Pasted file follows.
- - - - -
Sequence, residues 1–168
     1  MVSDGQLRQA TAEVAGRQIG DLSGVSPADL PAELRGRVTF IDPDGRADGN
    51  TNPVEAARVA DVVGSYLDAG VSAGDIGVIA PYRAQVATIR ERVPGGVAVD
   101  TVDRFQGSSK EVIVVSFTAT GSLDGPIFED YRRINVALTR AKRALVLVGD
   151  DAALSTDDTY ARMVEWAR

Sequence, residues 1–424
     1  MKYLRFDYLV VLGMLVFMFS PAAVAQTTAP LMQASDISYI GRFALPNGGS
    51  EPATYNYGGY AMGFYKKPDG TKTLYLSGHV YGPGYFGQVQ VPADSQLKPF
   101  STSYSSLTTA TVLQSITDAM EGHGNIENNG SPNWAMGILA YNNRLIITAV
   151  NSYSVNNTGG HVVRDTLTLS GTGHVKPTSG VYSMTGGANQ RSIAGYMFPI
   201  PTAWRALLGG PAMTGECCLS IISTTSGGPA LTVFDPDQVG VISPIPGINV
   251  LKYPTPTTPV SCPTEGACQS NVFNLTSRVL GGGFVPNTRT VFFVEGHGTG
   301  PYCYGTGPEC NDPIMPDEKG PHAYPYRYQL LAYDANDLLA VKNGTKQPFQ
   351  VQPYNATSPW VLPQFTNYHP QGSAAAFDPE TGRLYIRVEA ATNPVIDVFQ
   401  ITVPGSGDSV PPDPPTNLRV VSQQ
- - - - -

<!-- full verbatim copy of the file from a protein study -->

Sequence, residues 1–168
     1  MVSDGQLRQA TAEVAGRQIG DLSGVSPADL PAELRGRVTF IDPDGRADGN
    51  TNPVEAARVA DVVGSYLDAG VSAGDIGVIA PYRAQVATIR ERVPGGVAVD
   101  TVDRFQGSSK EVIVVSFTAT GSLDGPIFED YRRINVALTR AKRALVLVGD
   151  DAALSTDDTY ARMVEWAR

Sequence, residues 1–424
     1  MKYLRFDYLV VLGMLVFMFS PAAVAQTTAP LMQASDISYI GRFALPNGGS
    51  EPATYNYGGY AMGFYKKPDG TKTLYLSGHV YGPGYFGQVQ VPADSQLKPF
   101  STSYSSLTTA TVLQSITDAM EGHGNIENNG SPNWAMGILA YNNRLIITAV
   151  NSYSVNNTGG HVVRDTLTLS GTGHVKPTSG VYSMTGGANQ RSIAGYMFPI
   201  PTAWRALLGG PAMTGECCLS IISTTSGGPA LTVFDPDQVG VISPIPGINV
   251  LKYPTPTTPV SCPTEGACQS NVFNLTSRVL GGGFVPNTRT VFFVEGHGTG
   301  PYCYGTGPEC NDPIMPDEKG PHAYPYRYQL LAYDANDLLA VKNGTKQPFQ
   351  VQPYNATSPW VLPQFTNYHP QGSAAAFDPE TGRLYIRVEA ATNPVIDVFQ
   401  ITVPGSGDSV PPDPPTNLRV VSQQ